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In 2005 Mica Bethea was studying music at the University of Northern Florida when he was involved in a serious traffic accident that left him a quadriplegic. That ended his being able to play any musical instruments so instead he threw his energies into learning composition and arrangement. He has released two previous albums of music by his big band but this one contains his most autobiographical work, a suite dealing with his life before and after the accident.
Despite the potentially grim subject matter there is no real feeling of tragedy or sadness in this music. Bethea writes hard-swinging charts that burst with life and optimism. The opening section, "Crystal Clear," about his life before paralysis, has a particularly carefree, strolling sound. The frisky melody bounces from section to section and there are several bubbly solos laid down along the way by trumpeter Ray Callendar, trombonist Michael Dease and saxophonist Juan Carlos Rollan. The closest thing to a melancholy mood in the set comes on "Destiny's Boat," a slow ballad that has wary, minor key harmonies reminiscent of Quincy Jones' and Oliver Nelson's soundtrack work, and a gently ascending guitar and sax melody line. The piece also features billowing guitar octaves by James Hogan and a rich and thoughtful tenor sax solo by Todd DelGuidice.
"Meniscus" displays a surging massed sound worked into dancing Cuban rhythms laced with electric piano that again shows Bethea's ability to use brass and reed interplay effectively and gives Joshua Bowlus a chance to work out on the Fender Rhodes. "Guardian Of Forever" injects Bethea's affection for both the grooving and spacey sides of Herbie Hancock's 70's music with a combination of wah- wahing electric piano and intricate but funky horn riffs that give off an outer space vibe worthy of a vintage Star Trek episode. The composition also makes room for Daniel Dickinson's lyrical soprano sax solo and Hogan blazing on cranked up rock guitar. That is the end of the suite but the CD ends with an alternate take of "Destiny's Boat" featuring a second tenor solo by Todd DelGuidice that has a sharper, more virtuostic edge than the one on the main take.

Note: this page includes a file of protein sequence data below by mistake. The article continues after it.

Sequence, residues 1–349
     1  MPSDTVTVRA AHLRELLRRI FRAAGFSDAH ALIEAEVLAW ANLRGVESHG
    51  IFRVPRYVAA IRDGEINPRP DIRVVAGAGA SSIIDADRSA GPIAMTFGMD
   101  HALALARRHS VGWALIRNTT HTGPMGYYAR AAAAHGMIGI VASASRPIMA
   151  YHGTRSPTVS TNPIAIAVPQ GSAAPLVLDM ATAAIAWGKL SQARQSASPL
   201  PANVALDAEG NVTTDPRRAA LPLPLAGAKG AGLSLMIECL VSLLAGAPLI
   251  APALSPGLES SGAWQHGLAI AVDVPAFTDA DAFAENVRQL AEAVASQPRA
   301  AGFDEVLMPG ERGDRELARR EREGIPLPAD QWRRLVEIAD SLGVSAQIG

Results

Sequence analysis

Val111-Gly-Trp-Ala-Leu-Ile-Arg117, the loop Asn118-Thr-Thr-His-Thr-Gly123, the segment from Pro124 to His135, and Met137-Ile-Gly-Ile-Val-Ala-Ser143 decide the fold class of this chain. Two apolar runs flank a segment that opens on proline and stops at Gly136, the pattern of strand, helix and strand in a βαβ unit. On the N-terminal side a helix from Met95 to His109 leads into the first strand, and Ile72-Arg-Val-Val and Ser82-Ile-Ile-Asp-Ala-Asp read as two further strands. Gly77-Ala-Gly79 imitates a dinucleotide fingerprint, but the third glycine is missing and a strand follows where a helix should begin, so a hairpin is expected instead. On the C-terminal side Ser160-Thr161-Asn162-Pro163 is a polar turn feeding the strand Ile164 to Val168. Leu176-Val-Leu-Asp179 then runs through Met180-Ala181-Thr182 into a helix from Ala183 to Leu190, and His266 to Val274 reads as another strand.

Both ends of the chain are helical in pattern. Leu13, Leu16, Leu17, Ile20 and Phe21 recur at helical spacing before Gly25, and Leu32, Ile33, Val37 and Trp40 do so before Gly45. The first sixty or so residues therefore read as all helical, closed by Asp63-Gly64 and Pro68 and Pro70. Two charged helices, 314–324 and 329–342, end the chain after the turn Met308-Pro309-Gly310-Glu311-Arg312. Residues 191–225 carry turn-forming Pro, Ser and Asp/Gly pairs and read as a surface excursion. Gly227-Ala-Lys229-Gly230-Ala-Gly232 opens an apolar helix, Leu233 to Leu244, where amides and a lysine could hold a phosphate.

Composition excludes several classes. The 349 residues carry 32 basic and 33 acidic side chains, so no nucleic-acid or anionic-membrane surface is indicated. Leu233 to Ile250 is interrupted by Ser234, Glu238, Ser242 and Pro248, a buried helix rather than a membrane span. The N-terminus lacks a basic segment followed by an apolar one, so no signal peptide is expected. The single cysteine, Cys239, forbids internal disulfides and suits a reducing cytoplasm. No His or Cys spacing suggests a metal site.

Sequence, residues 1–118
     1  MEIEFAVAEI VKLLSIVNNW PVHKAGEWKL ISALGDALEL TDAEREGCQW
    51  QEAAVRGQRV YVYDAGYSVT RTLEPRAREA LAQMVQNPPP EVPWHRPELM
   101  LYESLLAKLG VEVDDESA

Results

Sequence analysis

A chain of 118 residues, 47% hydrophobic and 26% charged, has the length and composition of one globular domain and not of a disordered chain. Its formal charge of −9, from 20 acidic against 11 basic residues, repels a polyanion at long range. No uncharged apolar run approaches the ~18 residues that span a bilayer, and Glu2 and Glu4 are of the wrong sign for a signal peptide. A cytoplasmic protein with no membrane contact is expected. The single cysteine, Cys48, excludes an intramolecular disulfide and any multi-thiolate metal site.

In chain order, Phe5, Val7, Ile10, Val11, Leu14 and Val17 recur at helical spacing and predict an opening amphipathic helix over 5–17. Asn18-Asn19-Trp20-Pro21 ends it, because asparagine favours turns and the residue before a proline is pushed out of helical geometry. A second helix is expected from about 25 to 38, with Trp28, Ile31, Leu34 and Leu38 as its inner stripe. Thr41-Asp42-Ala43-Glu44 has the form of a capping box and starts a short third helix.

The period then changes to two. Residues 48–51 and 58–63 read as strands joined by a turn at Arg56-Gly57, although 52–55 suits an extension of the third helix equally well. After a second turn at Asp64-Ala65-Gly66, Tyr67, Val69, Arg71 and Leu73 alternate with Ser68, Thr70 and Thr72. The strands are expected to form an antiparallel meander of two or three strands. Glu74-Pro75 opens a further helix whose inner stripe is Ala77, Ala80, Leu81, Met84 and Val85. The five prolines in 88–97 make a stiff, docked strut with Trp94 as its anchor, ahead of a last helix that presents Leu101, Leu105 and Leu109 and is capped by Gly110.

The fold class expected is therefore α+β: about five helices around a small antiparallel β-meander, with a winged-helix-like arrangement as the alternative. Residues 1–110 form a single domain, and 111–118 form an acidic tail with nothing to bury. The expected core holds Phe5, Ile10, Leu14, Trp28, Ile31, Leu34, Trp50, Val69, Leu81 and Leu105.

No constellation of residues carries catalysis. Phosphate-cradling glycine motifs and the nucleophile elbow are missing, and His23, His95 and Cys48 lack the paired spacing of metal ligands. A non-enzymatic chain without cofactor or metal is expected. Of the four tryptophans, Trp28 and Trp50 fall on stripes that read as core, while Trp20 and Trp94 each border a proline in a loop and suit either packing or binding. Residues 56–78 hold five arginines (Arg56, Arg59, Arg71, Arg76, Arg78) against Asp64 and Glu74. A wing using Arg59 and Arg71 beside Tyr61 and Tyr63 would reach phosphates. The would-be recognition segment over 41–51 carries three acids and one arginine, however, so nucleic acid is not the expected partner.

This CD further shows that Mica Bethea is a talented big band composer who is shaping a distinctive identity. This suite, telling his personal story of perseverance and gratitude at being alive and able to create, contains some of his best and most original work to date.
I love jazz because it is the most diverse music genre.
I was first exposed to jazz a long time ago.
The best show I ever attended was Henry Threadgill's very very Circus at SJU jazzpodium in Utrecht.
The first jazz record I bought was Coleman Hawkins Big Band live at The Savoy Ballroom 1940.
My advice to new listeners is to attend as many concerts you can even though you may not know the musicians who are playing.
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